Strengthened local & regional food systems
Evidence of Effectiveness
Community supported agriculture (CSA) programs are a suggested strategy to increase access to healthy foods and distribute fresh fruits and vegetables from local farms to urban and rural areas (CDC-Local foods, Harmon 2014). Available evidence suggests that CSA participation significantly increases household inventories of fresh fruits and vegetables, and increases fruit and vegetable consumption (Quandt 2013, ). Participation is associated with an increased variety and amount of vegetables consumed for adults and children ( , , ), improved diet ( , Harmon 2014), more cooking at home ( , , Harmon 2014, ), and improved weight status ( ).
CSA programs may help strengthen and improve local and regional food systems and contribute to greater food system sustainability (Zepeda 2014, ). Without subsidized CSA shares, low income households typically cannot afford to participate (Harmon 2014, , ); however, many CSA programs partner with non-profit organizations to offer working shares, subsidized shares, or other lower cost options ( ). Transportation difficulties, inflexible work schedules (Quandt 2013), and time and knowledge required to prepare whole foods (Harmon 2014, ) can also be barriers to CSA participation.). For farmers, the CSA prepayment model can increase cash flow, provide a stable income, and transfer some production risk to consumers (
Environmental and nutritional motivations are associated with choosing to participate in a CSA program (Zepeda 2014). CSA participants frequently have higher education, higher income, and stronger levels of social connectedness than non-participants ( ).,
- Encourage volunteering as an individual, group or department and may include family members in participation. All activities are family friendly and Fun. Examples include helping to maintain community gardens or participate in helping to clean the produce that is delivered weekly at the Tri County Fresh Food Hub.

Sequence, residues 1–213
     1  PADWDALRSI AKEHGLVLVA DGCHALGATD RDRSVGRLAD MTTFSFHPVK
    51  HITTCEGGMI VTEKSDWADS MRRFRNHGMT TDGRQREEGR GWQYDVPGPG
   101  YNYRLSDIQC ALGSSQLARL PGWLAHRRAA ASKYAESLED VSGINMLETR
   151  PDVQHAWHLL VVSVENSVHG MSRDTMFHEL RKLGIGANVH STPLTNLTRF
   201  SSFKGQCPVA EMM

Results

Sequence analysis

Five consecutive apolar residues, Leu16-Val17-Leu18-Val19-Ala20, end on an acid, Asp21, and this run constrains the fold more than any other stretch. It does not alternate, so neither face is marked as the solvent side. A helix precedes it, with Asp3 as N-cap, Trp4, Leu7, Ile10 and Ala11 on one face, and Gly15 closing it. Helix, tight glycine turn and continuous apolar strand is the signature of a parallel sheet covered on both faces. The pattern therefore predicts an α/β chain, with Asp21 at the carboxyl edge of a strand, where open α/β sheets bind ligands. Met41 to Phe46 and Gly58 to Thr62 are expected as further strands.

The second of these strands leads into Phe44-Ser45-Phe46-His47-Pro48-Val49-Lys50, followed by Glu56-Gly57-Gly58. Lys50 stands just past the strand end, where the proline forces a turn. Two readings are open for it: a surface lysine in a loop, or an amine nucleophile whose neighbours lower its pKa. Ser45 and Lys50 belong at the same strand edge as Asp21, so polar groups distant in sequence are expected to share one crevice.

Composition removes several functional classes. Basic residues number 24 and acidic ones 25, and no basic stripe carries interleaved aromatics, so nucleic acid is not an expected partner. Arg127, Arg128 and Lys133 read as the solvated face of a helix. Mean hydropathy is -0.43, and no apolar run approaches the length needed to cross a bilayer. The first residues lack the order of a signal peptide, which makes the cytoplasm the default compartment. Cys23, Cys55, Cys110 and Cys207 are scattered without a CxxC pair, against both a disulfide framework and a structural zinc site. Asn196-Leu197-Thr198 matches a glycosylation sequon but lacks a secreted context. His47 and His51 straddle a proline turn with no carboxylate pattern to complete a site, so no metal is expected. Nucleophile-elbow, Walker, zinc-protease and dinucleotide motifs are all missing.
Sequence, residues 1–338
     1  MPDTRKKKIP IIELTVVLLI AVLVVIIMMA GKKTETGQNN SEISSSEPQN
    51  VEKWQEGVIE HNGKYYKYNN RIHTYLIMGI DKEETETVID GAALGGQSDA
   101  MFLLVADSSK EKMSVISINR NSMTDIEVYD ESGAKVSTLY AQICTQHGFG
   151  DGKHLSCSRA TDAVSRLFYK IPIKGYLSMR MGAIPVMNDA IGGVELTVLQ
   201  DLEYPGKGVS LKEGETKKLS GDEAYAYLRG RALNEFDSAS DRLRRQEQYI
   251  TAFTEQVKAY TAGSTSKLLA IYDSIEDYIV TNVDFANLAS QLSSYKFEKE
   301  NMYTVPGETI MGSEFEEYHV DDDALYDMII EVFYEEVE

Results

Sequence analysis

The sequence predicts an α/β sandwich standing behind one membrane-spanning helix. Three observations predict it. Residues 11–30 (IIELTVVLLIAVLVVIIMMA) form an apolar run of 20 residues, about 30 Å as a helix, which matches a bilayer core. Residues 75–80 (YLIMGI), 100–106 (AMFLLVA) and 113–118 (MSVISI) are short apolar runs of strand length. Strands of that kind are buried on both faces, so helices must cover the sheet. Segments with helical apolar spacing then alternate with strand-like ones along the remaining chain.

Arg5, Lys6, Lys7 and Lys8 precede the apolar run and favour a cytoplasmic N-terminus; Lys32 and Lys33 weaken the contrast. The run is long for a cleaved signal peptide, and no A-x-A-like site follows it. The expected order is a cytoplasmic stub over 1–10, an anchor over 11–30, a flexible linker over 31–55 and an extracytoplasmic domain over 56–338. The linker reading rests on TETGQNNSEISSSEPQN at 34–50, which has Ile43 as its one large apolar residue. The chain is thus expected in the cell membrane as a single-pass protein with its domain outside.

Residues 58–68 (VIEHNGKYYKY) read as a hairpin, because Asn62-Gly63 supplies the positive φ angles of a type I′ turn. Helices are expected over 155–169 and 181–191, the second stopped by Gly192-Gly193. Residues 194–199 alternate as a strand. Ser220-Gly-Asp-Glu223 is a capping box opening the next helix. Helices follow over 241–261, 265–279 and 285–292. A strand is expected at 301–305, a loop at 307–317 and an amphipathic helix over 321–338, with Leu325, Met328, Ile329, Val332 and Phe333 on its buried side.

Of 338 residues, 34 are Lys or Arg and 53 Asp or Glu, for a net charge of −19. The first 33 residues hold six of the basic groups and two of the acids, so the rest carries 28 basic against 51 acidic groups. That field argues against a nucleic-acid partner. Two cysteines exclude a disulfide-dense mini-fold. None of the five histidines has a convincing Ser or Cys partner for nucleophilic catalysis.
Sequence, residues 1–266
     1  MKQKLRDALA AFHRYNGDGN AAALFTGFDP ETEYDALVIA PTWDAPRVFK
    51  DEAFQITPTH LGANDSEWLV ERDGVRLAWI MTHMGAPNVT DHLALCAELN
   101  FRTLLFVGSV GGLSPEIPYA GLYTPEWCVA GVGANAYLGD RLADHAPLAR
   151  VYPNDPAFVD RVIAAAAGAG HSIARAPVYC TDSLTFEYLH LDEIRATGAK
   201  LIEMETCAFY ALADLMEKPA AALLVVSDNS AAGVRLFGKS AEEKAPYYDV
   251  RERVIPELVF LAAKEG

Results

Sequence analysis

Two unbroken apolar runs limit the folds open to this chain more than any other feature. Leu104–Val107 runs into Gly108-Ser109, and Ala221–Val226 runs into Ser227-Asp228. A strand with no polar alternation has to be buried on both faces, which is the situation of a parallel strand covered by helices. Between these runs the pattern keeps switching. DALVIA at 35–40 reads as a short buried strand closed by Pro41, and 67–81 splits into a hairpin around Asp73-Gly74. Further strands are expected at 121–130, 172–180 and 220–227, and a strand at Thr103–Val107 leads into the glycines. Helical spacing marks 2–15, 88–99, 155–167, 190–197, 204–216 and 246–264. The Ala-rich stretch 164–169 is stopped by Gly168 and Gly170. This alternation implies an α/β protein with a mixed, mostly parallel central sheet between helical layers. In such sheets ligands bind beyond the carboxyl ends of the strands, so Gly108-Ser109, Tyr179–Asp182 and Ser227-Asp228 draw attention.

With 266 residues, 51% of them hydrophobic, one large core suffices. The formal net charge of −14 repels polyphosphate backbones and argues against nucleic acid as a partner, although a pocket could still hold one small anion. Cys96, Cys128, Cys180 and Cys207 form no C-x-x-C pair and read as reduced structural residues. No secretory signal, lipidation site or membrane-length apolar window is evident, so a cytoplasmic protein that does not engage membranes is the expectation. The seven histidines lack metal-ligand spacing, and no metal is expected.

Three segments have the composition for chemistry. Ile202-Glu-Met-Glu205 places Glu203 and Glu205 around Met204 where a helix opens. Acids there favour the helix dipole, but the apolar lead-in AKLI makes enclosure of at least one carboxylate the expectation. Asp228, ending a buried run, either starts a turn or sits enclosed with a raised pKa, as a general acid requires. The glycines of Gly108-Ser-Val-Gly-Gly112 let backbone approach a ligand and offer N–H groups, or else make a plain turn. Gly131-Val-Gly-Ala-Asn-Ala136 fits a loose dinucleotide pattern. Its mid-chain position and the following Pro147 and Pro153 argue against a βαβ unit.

- Weight loss challenges centered around healthy eating recipes. Encourage the sharing of recipes and dishes by employees as potlucks.
- The gitm Foundation can provide nutrition education from the Mobile Fresh Food Van. The gitm Foundation can provide a series of cooking classes tailored to specific topics (disease state such as hypertension or diabetes or seasonal such as healthy 4th of July celebration…).
- become part of a locally improved food system that supports the local grower and brings jobs back to the community
- build a sense of community and improves commitment to the preservation and health of our own environment
- most importantly, all produce is sold at a marketable price so that cost doesn’t interfere with fresh food access. Profits go back into the program to help offset the cost of programming offered to our region’s food desert areas.
Your organization becomes a Fresh Food Stop for the Van in 2018, encouraging participation in the CSA by your employees. They can purchase a whole season of fresh local produce (every week for 18 weeks), a ½ season (every other week) or split a share with friends or co workers.
We have organizations
- utilizing payroll deduct
- subsidizing all or part of the purchase for employees with need
- purchase shares for their employees as a benefit for participating in corporate wellness programs
- offer financial incentives via wellness program for employees participating in the CSA